Pressure vs. Finesse

Saku vs. Newton was on the best of Pride last night on Spike TV. Its almost like they forgot they could strike. It was a really good grappling match. Energy was only used to escape or to try to drive home a sub. This is how I roll also.

I don't have the energy that I use to have I guess. I sit and wait for opportunities to move instead of just moving to create the opportunities. I need to work on that (there is always something to work on).

I saw a site a while ago that talked about a guy taking some time off to train in Brazil. He noted some differences.

"Most classes there was usually maybe 1 bluebelt, no white belts with the majority of the 12-15 students at any class being purple through black belts. Few of the students appeared to do any weight training with average looking physiques. One slim individual came in to class one morning with no muscular definition to speak of; I immediately evaluated him as a soft beginner. He put his worn blackbelt on and was an absolute monster on the mat with a relaxed rolling style until the timing was right and he would explode into a submission. A few guys who fought MMA professionally would come in and roll with everyone in gi - I saw zero no-gi grappling my entire stay.

Most of the guys back home wanted to know about the differences between the North American and Brazilian academies. a few observations:

* Far fewer techniques demonstrated in Brazil. Maybe 2 per class and it was not uncommon after a brief warm up to hear "ok, we go to training". The emphasis was on rolling in 7 min timed rounds.
* No stand up. The blackbelts explained that the only time they performed sparring from standup was in a week or so before tournaments. They felt that standup grappling was more likely to result in training injuries.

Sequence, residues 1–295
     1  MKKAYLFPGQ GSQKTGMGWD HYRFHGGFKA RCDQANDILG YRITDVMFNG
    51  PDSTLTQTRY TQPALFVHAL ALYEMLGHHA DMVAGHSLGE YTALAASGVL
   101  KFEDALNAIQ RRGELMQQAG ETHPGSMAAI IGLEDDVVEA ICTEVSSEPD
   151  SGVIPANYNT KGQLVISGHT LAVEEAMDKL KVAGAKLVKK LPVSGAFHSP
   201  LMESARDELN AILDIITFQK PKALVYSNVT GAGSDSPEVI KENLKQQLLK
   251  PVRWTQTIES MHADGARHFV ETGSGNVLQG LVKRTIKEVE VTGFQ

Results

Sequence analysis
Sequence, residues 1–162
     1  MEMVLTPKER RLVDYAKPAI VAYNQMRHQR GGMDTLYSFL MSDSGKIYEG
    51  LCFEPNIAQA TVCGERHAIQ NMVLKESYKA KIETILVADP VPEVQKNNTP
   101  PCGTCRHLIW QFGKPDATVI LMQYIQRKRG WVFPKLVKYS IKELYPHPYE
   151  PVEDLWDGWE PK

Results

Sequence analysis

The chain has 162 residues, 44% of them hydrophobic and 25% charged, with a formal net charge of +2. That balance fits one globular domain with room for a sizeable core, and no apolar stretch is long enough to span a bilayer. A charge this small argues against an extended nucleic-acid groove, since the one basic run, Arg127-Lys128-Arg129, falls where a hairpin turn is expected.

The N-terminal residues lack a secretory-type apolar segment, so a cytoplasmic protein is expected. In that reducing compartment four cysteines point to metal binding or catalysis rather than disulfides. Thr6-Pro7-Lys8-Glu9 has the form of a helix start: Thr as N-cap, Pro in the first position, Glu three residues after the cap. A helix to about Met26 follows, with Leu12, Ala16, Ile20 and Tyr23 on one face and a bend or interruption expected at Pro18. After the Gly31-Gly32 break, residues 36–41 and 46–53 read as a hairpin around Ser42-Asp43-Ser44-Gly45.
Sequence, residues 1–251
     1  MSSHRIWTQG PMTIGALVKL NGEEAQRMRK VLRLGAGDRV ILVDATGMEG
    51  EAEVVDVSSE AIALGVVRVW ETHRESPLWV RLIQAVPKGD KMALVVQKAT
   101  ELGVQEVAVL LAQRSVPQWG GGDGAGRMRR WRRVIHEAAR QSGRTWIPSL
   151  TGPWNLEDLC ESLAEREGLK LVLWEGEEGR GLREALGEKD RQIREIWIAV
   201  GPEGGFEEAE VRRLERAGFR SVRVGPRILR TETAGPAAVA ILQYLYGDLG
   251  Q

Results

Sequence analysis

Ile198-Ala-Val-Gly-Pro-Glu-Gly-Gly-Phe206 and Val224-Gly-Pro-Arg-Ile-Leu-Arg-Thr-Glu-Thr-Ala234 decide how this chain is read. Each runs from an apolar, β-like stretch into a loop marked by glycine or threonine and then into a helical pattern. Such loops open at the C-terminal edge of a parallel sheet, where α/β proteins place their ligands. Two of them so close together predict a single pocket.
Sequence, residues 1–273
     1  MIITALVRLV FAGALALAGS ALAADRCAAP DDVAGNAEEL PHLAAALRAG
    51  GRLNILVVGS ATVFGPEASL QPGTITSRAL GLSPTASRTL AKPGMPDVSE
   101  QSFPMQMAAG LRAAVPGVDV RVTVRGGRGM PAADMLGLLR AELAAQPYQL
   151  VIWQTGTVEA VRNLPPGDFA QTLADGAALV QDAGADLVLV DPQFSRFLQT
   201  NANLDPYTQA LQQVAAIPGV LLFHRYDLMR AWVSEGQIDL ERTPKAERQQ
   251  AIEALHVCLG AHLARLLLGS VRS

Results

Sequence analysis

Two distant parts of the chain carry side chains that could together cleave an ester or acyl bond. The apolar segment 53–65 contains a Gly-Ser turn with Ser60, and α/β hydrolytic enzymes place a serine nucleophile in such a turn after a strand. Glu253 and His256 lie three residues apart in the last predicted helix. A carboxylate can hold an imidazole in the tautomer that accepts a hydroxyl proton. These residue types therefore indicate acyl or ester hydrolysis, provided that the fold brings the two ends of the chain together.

* I found the jiu-jitsu much more "feint" oriented as opposed to straight ahead pressure. The majority of the techniques were explained in the context of setting it up with pressure to one direction and then reversing to take advantage of your opponent's reaction. The softer, more flowing style of jiu-jitsu was described by Ari as more pure jiu-jitsu - that is to say in Brazil, there was less influence of other arts like wrestling in the jiu-jitsu.
* No one had stripes on their belts. The majority of the blackbelts were not competitive wunderkind - rather, guys who just had been training for a long time.
* You don't pick your own sparring partners - the instructor always matched me up.
* I felt that people were less concerned with "who tapped who" or needing to establish the pecking order than in North America.
* The atmosphere was very relaxed - some guys dropping in, having 1 roll and then getting back into their street clothes to go back to work!

Of course the emphasis is mine. Maybe I am just naturally lazy. Maybe I am tired from working all day to be training too strenuously. Maybe it is just my passive personality. Regardless, I tend to lean toward to the more relaxed style of rolling.

If you want to own Pride 3 (Newton vs. Sakuraba is the best match)...